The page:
A while ago I promised some advice about strategic communications planning, and my next step-by-step posts will cover that topic.
It’s timely because–while you might be able to overlook wasted communications dollars when times are good—2010 is the year to make sure you’re absolutely getting the most bang for your buck. A strategic communications plan can help you do that.
I’ll assume you’ve already done the three-part communications audit to figure out the effectiveness of your current communications and what your audiences are saying about you online. Armed with that accounting of which tactics seem to be working best, which can be abandoned, and where the holes are in your communications evaluation—you’re in a good position to start thinking about a strategic communications plan.
For me, the first step is looking at a nonprofit’s organizational strategic plan. I wish I could say that all nonprofits can provide a spot-on strategic plan, but the sad truth is not many do. The downward financial spiral of the past year hasn’t helped. It’s pushed some nonprofits into crisis mode, where the main focus is making it through next week. The benefits of longer term strategic plans appear too distant to invest energy in.
That’s kind of like focusing all your energy on how you’re going to meet your next credit card payment rather than carving out some time to consider the bigger picture of how you’re going to straighten out your finances so you can sustain yourself over time. The big, long-term picture is crucial to your organization’s future, and your strategic plan can be the map for getting you out of the woods. Not to mention that getting very clear about real-world goals is imperative for strategic communications.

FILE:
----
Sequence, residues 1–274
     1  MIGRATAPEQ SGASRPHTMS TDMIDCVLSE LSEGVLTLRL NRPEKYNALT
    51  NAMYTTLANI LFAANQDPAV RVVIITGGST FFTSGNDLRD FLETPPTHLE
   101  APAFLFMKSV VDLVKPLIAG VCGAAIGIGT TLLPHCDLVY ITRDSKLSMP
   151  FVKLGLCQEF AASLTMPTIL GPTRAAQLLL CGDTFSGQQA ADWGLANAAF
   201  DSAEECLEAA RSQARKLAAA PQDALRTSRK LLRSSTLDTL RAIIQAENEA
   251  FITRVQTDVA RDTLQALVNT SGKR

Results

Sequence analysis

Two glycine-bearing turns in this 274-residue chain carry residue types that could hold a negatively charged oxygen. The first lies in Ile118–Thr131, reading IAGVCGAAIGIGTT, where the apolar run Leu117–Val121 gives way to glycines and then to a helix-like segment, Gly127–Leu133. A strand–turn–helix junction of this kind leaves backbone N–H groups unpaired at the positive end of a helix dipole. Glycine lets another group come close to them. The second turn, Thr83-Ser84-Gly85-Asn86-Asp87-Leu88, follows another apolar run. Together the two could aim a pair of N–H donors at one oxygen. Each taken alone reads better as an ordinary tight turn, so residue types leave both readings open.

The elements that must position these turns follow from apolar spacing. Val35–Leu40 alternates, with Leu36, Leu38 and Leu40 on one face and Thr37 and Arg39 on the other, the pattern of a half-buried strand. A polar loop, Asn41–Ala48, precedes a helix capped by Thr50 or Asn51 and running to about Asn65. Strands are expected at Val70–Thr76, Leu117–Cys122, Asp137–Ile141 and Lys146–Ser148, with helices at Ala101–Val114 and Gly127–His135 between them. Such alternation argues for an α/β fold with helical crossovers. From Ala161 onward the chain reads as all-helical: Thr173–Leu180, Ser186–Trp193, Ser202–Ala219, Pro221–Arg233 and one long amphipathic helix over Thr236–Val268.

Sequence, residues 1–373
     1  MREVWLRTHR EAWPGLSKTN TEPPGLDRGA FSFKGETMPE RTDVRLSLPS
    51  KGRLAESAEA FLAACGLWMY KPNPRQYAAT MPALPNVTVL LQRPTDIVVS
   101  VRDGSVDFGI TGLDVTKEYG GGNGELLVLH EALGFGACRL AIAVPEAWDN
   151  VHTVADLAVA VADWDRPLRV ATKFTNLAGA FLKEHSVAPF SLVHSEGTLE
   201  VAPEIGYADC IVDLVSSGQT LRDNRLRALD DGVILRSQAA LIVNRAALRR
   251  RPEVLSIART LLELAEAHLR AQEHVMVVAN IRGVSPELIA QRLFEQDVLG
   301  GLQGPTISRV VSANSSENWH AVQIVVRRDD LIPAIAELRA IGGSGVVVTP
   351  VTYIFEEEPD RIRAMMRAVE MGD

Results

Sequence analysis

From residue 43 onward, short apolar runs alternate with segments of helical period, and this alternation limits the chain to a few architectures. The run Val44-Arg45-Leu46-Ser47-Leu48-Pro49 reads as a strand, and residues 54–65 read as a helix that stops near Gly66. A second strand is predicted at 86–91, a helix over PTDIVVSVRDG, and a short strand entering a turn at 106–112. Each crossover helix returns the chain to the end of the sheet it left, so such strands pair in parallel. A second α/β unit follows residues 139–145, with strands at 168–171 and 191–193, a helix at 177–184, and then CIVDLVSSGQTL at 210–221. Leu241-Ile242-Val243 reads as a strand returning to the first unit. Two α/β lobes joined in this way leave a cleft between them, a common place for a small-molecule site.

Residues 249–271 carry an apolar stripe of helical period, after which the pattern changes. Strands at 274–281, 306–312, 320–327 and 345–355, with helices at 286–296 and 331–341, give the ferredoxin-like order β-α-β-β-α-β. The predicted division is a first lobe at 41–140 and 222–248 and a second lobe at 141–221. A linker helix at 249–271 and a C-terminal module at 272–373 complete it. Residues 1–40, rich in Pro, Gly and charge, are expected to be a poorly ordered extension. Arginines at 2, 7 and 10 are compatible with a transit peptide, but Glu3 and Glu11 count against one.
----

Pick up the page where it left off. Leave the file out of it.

Why? Because your communications plan is based on your organization’s overall strategic plan. If you have a flawed strategic plan, your communications won’t be very effective. To start communications planning, the first question you ask yourselves is–-what do we want to happen? (That question should be answered within a good organizational strategic plan.)
It’s a deceptively simple question but one of the most important you can ask. The answer embodies your mission and theory of change, and drives your impact evaluation strategies. But be careful, because what you want to happen in the world isn’t the same as what you want to do. The former involves the actions of others, and the latter involves your organization’s actions. Don’t confuse the two.
When I ask nonprofits this question, it can take a fair amount of discussion to get to a cogent answer. They typically start out repeating their mission statement. For instance: “We want to protect land for the health of our region and for the enjoyment of future generations,” or “We want to provide world-class art experiences.” Sounds great, but that’s what you want to do. What you want to happen may be that 30,000 acres of land is protected in the next two years in your geographic area, or that your arts ticket sales go up by 20% next year.
Being explicit about what you want to happen is important because the WHAT can determine the WHO. And the next question you’ll need to answer in the strategic communications planning process is—who can make what you want to happen actually happen.
So, don’t rush to tactics. Get crystal clear about the on-the-ground results you’re after. By getting this clear, you’re also going to end up with measurable goals so you can better evaluate your progress and impact.
This may seem like an exaggeration but it’s not—spend up to 60% of your time and energy on this first step, articulating exactly what you want to happen—and 40% on the other steps, coming up with audiences and tactics. Once you know what you want to happen, everything in your communications strategy flows organically from that.
My next post will cover the “Who” question. So stay tuned…
CC photo credit/Sumlin